Blu Moon with a day to spare
Last year in San Francisco he finished runner-up to Brian Porter’s Full Throttle by two points and on many more occasions since his win in 2001, Favini has finished tantalisingly close to the top spot.
Tonight the triumphant helmsman has a second title in the bag and so comfortable is Blu Moon’s winning margin they will pack up the boat tomorrow ready for shipping while a ding-dong battle for the remaining podium placings is underway in the final race of the series.
The two American teams, Harry Melges’ Star and Bora Gulari’s West Marine Rigging/New England Ropes are a point apart, 36 and 37, in second and third overall. “It’s on,” said a grinning Gulari after reading the scores.
Favini paid tribute to his team of Gabriele Benussi (tactician), Stefano Rizzi, Giovanni Ferrari and Nicholas Dal Ferro, “We have a very good crew, so many good sailors that make my job so much easier.”
The last Melges 24 world championship was held in October, a short reign for Porter. The tight timeframe also meant the internationals’ boats had to be shipped straight to Australia, cutting into Blu Moon’s preparation time.
“It was great to do the Australian Open Nationals last week, a beautiful regatta won by Star. We took the chance to sail to prepare for the worlds,” said Favini.
On today’s belated start of racing Favini said, “We knew the breeze would fill in late so we were prepared to wait. It’s a part of the sport.”
Race 10 began almost two hours after the scheduled warning signal due to a glass-out on the bay, which meant a long delay for crews, officials and spectators in the hot sun.
The southeasterly filled in just after 1500, 7-10 knots for race 10 and up to 12-15 for race 11.
Swiss Franco Rossini’s Blu Moon duelled with Harry Melges’ Star for four days on Geelong’s Corio Bay to finish their regatta with 28 points and no need to race tomorrow.
Rossini was on board for the win in 2001 and today he and Flavio’s former tactician Tiziano Nava followed the fleet around the course on a RIB and met them on the dock afterwards to celebrate.
“We have a very good week, especially with such tough competitor as Star. Harry is such a good sailor. We have a very good relationship and I’m proud to sail against him,” added Favini.
Travelling to the other side of the world with a boat, crew and gear is a major exercise and one Favini has enjoyed.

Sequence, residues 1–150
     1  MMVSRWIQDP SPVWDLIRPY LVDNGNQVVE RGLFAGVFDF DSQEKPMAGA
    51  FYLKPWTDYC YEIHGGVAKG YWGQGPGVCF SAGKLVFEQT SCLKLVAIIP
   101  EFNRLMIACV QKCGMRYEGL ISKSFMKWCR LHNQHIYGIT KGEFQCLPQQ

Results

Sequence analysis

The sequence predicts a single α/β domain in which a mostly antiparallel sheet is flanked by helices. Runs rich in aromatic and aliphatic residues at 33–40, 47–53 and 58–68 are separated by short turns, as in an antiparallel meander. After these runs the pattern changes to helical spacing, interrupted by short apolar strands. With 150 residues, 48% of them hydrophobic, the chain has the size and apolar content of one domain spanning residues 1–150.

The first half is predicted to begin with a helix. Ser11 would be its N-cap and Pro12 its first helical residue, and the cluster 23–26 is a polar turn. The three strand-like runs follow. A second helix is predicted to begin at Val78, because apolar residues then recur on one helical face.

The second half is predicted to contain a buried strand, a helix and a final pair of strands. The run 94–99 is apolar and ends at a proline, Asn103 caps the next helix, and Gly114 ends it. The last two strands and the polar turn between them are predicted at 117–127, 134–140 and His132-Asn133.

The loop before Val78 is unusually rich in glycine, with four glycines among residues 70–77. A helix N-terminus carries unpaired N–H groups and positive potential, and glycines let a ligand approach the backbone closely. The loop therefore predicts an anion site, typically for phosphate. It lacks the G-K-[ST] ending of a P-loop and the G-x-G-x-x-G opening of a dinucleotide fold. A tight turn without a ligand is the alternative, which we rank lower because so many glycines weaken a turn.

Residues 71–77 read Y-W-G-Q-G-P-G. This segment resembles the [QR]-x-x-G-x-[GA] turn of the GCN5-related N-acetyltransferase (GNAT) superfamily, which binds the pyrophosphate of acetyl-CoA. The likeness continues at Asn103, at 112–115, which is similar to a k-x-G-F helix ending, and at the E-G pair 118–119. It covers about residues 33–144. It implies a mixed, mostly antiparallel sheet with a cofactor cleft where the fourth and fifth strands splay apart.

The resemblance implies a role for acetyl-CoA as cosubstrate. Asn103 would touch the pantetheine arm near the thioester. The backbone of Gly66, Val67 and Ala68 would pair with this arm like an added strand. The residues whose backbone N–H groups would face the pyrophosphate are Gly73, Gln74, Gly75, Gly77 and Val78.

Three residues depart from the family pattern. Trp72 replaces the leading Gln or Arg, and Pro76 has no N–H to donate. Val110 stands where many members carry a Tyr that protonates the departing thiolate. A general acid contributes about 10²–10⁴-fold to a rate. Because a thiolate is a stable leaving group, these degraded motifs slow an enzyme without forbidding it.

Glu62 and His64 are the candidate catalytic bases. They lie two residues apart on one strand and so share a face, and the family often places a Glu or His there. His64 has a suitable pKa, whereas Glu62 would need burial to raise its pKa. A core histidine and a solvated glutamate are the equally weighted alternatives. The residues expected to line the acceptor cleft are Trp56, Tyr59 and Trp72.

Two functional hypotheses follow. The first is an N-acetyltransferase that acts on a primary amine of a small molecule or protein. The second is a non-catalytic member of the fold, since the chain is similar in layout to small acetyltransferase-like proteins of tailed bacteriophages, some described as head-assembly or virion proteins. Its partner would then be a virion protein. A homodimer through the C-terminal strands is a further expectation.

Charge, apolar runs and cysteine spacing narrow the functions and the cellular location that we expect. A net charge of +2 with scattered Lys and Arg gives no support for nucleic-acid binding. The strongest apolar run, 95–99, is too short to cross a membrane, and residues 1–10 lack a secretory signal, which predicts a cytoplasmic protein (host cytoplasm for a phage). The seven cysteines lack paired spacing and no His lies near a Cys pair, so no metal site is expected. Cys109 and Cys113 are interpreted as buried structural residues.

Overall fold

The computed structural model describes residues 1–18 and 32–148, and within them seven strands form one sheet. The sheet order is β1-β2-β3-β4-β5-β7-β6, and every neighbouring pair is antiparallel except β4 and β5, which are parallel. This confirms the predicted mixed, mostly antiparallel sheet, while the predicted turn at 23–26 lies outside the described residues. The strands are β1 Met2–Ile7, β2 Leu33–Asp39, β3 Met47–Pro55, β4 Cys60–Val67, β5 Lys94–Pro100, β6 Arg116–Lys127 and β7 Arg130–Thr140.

“I like Australia; it’s so nice to come down here. In Italy we have such bad weather, storms, raining and snow. We are having a real winter so the main difference is we are in shorts and T-shirts here.”
Current Moth World Champion, Bora Gulari really found his grove at these worlds in today’s light airs: “I think we have finally come to grips with the whole place, we have boat speed again and good tactics, everything is clicking. His West Marine Rigging/New England Ropes is now third overall and they and STAR have a fight on their hands for second.
Gulari is also a Downunder fan. “It’s awesome; an incredible place to sail. When I’m not at home in the USA, I’d rather be sailing in Australia.”
Home in Detroit sounds good, but the reality is that at the professional level Gulari sails, he’s rarely there. “I’ve spent two weeks at my house since July last year. I don’t get to go home a whole lot, when I do the standard deal is home for 24 hours, do some laundry and I’m out. It’s tough on relationships and guys with families,” he admitted.
Growing up Gulari wanted to be a rocket scientist or a pilot. He has an aerospace engineering degree and says if he had a ‘normal’ job he’d be an engineer of some sorts. He’s looking forward to tomorrow’s match up. “It will be exciting, I like racing against Harry and the boys on Star”.
For fun Gulari took the chance to go back out on Corio Bay this afternoon for a twilight sail on a Mach 2 Moth borrowed from designer Andrew MacDougall.
Warwick Rooklyn from Bandit went to the protest room with Dave Alexander of Kowabunga to argue a port/starboard incident, and lost. Their disqualification from race 11 has shuffled the Australians out of the top 10, leaving Nathan Wilmot’s Melges Asia Pacific Kaito in sixth and Cameron Miles’ Roger That in ninth.
Roger That has locked up the Corinthian world champion title with one race remaining.
Another warm day and late arriving sea breeze is forecast for tomorrow and the race committee has moved the first warning signal for race 12 back to 1400.
Full results below